Learning to pace yourself is difficult but it is also one of the most important skills for runners because the only way you can run for longer is by learning to run slowly.
Remember that there is no such thing as too slow.
I cannot stress this point enough! In fact, most of you are probably going too fast. If running feels hard and painful, you’re going too fast. You should find a pace that feels right for you, it should be comfortable, you shouldn’t be panting and you should always feel like you’d be able to keep up a conversation while running.
It can be hard to understand how slow you can and should go so on Running Made Easy I always challenge our runners to run as slow as possible at least once. Try to run at a pace where you do not get out of breath. It is possible! Start at walking speed, even slower. When you do get out of breath, slow down!
Once you find your ‘bottom speed’ you can start adding a little extra to it.
Why is it so important to start slowly?
Because your body needs time to warm up! When you are sedentary, only 15-20% of your blood flows through your muscles – during vigorous exercise this increases to 80- 85%. It takes time for this to happen and that’s why it’s important to start slowly as your muscles are not ready yet. This is why the first 10 minutes of running are always the hardest, no matter what level you’re at.
To warm up properly, aim start slower than you finish. When you pace yourself right, you should be able to pick up speed as you go along, not the other way around. Focus on your breathing for the first 10-15 minutes – this will help you warm up faster.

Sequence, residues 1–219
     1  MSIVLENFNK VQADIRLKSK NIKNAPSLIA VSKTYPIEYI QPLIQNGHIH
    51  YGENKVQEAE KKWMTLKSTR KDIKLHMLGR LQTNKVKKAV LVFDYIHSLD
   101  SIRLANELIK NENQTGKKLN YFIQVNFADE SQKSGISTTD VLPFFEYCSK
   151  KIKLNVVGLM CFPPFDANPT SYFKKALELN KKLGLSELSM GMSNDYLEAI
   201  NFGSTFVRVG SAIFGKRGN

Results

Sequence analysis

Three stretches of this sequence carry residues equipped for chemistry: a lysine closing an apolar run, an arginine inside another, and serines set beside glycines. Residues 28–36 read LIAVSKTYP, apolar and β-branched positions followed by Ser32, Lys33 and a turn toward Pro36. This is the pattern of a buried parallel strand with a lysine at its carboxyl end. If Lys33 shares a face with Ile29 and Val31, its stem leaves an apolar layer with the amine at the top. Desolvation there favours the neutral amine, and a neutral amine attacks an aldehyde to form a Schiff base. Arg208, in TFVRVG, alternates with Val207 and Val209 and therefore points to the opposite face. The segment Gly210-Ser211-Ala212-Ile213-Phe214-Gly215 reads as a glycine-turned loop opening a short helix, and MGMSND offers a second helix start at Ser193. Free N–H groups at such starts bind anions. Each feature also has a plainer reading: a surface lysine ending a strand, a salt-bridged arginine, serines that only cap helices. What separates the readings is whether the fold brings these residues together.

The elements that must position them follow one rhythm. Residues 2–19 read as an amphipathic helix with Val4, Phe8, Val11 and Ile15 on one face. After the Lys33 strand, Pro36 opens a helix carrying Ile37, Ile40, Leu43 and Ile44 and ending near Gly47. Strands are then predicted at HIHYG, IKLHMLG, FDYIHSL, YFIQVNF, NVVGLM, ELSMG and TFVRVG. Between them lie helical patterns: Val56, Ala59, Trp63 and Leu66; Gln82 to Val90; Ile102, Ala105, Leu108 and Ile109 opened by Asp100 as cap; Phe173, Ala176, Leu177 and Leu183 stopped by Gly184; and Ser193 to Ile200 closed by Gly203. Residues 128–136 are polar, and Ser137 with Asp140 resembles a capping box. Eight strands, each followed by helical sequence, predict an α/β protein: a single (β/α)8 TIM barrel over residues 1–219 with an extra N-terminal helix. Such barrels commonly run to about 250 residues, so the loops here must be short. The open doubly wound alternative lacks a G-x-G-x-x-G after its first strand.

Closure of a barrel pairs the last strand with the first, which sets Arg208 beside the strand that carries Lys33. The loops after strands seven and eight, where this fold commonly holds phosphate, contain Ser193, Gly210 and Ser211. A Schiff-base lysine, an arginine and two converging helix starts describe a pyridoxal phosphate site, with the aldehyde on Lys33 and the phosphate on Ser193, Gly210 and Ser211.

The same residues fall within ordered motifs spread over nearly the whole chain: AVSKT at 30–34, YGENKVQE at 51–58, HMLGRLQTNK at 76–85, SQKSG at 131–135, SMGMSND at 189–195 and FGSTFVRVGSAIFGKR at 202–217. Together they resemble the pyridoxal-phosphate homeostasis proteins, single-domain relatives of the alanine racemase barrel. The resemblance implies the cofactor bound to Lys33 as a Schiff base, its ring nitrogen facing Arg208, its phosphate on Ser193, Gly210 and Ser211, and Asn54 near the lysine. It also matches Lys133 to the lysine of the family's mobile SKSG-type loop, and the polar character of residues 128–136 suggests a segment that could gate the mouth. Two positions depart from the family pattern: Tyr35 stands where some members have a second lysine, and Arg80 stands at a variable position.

Using a running watch or an app
A running watch can be a great help. When you finish your run, you can download your data and see how your pace varied throughout your run. Here’s what to do:
- Let’s say your starting pace was 7min/km and your finished at 8min/km.
- Next time you go for a run, keep an eye on your pace. Start at 8min/km – make sure you do not go any faster for the first half of your run. (note: this will feel VERY slow, but be patient!)
- After 10-15 minutes you can start speeding up. Go for 7.30min/km first and then 7min/km if you have it in you.
- Remember that it takes practice! You will learn how to pace yourself through trial and error.
NOTE: If you’re a beginner, I would recommend you only use a running watch or an app to help you get your pacing right. Do not become a slave to it, as happens so easily. You should learn to enjoy running and not care about pace and distance, so it’s better to run without one most of the time. If you wear a running watch every time, you will want to see your pace and distance improve over time, even if you ay you don’t, but this need to achieve and constantly improve is so ingrained in us that it is hard to let go of it. Wear it when you need it, other times just enjoy running, letting off steam, relaxing and moving